But did you pick up on that very odd verse in our Gospel Reading today?

‘Let anyone who is thirsty come to me, and let the one who believes in me drink. As the scripture has said, “Out of the believer’s heart shall flow rivers of living water.” ’ Now [Jesus] said this about the Spirit, which believers in him were to receive; for as yet there was no Spirit …

‘As yet there was no Spirit …’ No Spirit—what could that mean?

It doesn’t mean that the Holy Spirit didn’t yet exist. Maybe we should understand it this way: It was not yet ‘Spirit’ as we might say It’s not yet summertime. It was not yet the Spirit’s season, the Spirit’s time. That came at Pentecost. And it’s the Spirit’s time here, today.

There is a part for us to play; it is to be receptive to the Spirit. To listen for what the Spirit will say, to listen to those promptings and nudges that indicate the way we should go. Especially when it’s not the way we might choose if left to ourselves.

We hear those nudges and promptings at odd times. The wind blows where it wishes! But as we immerse ourselves in reading the Scriptures, as we join with God’s people in worship, witness and service, we are putting ourselves more in the way of the Spirit that Jesus has given us. It is Spirit-time!

 

Reflection 2: The life of the Spirit is shaped by Jesus

The Holy Spirit is the Spirit of Jesus; Jesus gives shape to life in the Spirit. As we know, Jesus turned things upside down. Why did he do that? Because sin has made us think that the way things are is the way they should be. The Spirit of Jesus turns everything upside down too. Let’s see how.

In 1 Corinthians 12, the Apostle Paul speaks of us as a body, the Body of Christ. But you know, the Corinthians had heard this kind of thing before. When the working classes complained they did all the work and the gentry got all the benefit, a pagan, a man called Menenius Agrippa, said that society was a body. The working people were the hands and feet; they were the less-honoured parts of the body that worked to benefit the body’s better parts. And they shouldn’t grumble about it; it was the part they were given to play.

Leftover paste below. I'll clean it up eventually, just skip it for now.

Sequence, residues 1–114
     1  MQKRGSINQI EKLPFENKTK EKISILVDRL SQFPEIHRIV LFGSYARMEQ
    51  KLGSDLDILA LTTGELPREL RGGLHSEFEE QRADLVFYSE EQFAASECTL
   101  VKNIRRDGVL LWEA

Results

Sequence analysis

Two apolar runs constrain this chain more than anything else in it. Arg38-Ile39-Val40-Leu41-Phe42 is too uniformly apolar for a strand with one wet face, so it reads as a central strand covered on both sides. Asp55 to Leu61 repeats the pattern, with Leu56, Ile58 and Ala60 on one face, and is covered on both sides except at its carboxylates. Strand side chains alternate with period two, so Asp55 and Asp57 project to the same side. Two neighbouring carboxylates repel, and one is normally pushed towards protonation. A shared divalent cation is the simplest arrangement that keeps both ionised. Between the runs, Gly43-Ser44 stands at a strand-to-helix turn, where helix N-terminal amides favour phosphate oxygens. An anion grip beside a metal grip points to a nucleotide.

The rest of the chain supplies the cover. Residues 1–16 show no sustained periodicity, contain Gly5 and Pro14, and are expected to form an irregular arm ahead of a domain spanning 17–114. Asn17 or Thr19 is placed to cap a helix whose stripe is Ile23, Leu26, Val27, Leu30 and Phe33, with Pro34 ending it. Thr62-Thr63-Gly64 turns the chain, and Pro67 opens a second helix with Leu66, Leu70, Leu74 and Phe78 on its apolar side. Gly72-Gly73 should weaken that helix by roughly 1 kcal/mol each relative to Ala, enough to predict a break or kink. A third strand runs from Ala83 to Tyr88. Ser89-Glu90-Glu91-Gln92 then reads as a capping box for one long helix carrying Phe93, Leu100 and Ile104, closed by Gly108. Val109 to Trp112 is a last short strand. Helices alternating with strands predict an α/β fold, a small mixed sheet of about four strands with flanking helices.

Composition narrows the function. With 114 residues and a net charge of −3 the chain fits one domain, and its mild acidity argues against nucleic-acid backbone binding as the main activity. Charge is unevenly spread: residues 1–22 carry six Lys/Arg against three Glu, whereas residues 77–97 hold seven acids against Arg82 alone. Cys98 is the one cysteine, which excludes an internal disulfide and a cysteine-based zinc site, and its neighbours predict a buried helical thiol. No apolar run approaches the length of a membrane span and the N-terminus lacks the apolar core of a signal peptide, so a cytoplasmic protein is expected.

Paul, as a good servant of Jesus, turns that right around. When he talks about the less-honoured parts of the body, this is what he has to say:

As it is, there are many members, yet one body. The eye cannot say to the hand, ‘I have no need of you’, nor again the head to the feet, ‘I have no need of you.’ On the contrary, the members of the body that seem to be weaker are indispensable, and those members of the body that we think less honourable we clothe with greater honour, and our less respectable members are treated with greater respect; whereas our more respectable members do not need this.

Do you see how Paul turns it upside-down? The ‘honourable’ head and eye cannot say to the less-honourable hands and feet, ‘I have no need of you.’ Paul gives honour to the less-honourable parts, just as Jesus had honoured outcasts in the days of his flesh.